By: John K. Hartman
(Commentary) September 15 marks the 25th anniversary of the founding of USA Today. Midway through its third decade, USA Today has reached a crossroads in print and online.
While it is the United States? best read daily newspaper with a daily audience of 5 million, USA Today?s readership, advertising revenue and profitability have stagnated. It is suffering from the same secular slump plaguing the print side and it is as yet unable to grow significant revenue on the online side.
While the competition has remained stable in recent years with the Wall Street Journal and the New York Times, the other two national daily newspapers, that is about to change.
Rupert Murdoch, soon to take over the Wall Street Journal, is known to have had his eyes on USA Today several years ago and reportedly offered $1 billion for the paper.
Murdoch will soon have the presses, staff, distribution system and office functions to challenge USA Today either by changing the Journal to directly compete for general interest news or by creating a second publication to take on USA Today and the Times.
Or Murdoch might try to purchase or merge the Journal with one of the other two competing publications because the cost savings by eliminating duplication would be enormous.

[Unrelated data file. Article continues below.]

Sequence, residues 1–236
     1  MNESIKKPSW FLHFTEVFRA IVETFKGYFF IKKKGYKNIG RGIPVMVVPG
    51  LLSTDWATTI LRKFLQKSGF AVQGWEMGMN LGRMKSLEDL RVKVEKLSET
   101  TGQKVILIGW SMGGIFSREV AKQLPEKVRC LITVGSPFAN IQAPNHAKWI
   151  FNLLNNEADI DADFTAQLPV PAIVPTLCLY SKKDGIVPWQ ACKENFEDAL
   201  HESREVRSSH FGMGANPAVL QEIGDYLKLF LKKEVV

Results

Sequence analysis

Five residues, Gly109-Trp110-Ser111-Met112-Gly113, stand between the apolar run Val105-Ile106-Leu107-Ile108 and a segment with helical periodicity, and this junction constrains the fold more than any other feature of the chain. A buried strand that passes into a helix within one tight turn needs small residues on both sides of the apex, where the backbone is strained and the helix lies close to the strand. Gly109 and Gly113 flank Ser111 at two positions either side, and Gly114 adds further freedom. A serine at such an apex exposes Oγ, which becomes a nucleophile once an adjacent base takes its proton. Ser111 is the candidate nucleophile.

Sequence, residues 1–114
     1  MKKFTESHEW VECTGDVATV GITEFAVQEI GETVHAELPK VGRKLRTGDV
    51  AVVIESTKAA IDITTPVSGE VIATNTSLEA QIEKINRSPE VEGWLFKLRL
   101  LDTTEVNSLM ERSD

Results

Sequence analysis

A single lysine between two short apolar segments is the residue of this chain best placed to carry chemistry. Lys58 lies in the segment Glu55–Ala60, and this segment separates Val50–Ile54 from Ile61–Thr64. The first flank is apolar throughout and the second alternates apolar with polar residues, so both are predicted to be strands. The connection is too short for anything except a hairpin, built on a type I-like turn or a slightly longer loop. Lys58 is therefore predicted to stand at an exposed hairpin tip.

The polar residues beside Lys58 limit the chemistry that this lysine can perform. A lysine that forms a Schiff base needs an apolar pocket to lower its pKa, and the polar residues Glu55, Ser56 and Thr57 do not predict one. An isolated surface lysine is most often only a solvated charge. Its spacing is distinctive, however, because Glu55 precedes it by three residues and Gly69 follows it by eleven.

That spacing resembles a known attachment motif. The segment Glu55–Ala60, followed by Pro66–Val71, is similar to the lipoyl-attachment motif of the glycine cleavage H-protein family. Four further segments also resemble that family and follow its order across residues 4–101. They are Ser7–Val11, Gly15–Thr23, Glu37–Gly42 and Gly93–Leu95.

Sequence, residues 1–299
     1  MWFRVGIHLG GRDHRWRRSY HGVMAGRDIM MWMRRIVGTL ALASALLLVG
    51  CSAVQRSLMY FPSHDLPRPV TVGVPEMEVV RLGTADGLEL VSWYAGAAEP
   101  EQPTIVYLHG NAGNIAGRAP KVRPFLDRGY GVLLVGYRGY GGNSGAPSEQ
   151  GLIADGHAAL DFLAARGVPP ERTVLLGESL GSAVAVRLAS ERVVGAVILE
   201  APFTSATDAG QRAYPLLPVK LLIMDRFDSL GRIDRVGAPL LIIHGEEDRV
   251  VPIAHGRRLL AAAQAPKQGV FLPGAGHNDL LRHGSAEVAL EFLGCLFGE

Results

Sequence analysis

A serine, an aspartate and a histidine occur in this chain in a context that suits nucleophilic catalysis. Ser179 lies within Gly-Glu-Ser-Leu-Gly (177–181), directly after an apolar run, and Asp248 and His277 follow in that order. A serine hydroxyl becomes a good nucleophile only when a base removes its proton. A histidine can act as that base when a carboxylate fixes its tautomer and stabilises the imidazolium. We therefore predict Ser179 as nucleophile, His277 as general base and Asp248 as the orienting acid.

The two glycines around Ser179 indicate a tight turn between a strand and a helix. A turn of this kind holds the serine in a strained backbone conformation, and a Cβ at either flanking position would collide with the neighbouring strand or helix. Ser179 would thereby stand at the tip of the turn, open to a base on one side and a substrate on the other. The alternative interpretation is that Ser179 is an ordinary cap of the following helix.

The Sulzberger family that controls the Times would have little interest in dealings with Murdoch, but Gannett Co., owner of USA Today, is a more likely target because it does not have a controlling family so its board would have to listen to any proposal that might be in the best interests of its stockholders.
Gannett?s stock has fallen from a high of $90 a share four years ago to the high $40s though Gannett?s stock has held up better than most newspaper companies, some of whom are selling for one-third or one-forth of their previous highs.
USA Today, founded on Sept. 15, 1982, has come a long way from its controversial beginnings. It was dogged by losing money the first 11 years — its parent Gannett Co. had to put $1 billion in to keep the paper going — and by criticism by journalists that it was superficial in its coverage and that its front page design looked like a ?pizza.?